What happens to the implants after they are removed?
We generally discard any implant that has been in the body because they have been exposed to bodily fluids. If you wish to have the implants sent for pathology, we can do this. There would be additional fees associated with this from the pathology company. In general, pathology and other labs results, such as bacterial and fungal swabs are not done routinely unless there is the presences of some type of abnormal fluid.
Is breast implant illness a medical diagnosed medical condition?
I think it is important for patients and physicians, both proponents and skeptics of this disorder, to keep an open mind. It is possible that the symptom complex patients describe is not related to the breast implants, but is related to other environmental factors, which may be identified in the future (for instance, pesticides, heavy metals in the environment, sleep disturbance due to phone and computer screens) have all been implicated for similar symptom complexes, but it is also important to remember that breast implants are cosmetic devices that are not medically necessary, and therefore can be removed at any point if patients desire them to be removed, but as noted above, other possible causes of the patient’s symptoms need to be evaluated, identified, and treated if necessary, and other procedures may be necessary to optimize the aesthetic result after removing implants including breast lift.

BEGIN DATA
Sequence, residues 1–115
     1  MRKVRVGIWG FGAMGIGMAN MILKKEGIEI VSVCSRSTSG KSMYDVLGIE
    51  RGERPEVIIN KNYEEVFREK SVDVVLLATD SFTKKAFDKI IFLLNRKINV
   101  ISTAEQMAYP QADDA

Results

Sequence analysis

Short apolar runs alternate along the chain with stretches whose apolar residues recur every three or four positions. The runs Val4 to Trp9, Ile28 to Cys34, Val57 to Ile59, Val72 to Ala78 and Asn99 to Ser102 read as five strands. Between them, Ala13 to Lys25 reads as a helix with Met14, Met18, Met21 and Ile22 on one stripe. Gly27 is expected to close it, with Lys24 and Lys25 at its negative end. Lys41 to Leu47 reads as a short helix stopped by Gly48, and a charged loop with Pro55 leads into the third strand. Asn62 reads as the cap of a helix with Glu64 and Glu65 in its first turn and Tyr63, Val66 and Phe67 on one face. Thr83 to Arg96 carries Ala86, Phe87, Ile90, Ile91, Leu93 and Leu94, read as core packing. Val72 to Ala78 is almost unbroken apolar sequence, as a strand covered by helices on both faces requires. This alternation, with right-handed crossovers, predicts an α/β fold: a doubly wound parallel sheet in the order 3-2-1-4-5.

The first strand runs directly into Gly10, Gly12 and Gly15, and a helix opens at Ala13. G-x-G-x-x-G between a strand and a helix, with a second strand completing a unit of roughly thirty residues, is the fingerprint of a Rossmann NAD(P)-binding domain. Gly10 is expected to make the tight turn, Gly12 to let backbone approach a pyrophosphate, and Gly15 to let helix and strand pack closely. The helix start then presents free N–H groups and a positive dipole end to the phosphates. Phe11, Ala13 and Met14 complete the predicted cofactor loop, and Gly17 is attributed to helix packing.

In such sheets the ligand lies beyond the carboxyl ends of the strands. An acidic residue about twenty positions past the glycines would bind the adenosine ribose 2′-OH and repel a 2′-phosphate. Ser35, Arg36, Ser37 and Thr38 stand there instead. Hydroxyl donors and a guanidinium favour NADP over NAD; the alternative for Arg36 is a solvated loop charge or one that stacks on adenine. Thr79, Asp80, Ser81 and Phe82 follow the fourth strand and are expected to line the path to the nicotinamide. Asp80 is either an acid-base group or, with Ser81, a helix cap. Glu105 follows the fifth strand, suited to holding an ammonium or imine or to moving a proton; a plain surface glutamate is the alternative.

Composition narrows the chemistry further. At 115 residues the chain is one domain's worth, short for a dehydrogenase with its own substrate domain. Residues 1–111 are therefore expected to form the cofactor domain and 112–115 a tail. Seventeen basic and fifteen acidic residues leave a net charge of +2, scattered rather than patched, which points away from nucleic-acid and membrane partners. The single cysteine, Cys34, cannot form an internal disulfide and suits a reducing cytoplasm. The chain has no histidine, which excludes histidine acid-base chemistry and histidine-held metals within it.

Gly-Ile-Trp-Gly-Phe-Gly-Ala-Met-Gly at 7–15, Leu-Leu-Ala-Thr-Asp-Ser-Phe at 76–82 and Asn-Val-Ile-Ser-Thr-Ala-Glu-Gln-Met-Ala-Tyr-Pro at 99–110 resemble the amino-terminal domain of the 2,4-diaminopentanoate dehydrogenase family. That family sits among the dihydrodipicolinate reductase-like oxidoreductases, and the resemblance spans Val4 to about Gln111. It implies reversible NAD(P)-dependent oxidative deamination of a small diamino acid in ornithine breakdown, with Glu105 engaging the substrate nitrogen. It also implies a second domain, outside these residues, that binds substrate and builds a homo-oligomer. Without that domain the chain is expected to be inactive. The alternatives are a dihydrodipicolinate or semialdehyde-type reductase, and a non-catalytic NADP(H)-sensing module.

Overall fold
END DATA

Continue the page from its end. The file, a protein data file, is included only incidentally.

Please contact our office by phone at 216.514.8899, or email us at firstname.lastname@example.org, if you have any questions about breast implant illness or en bloc capsulectomy.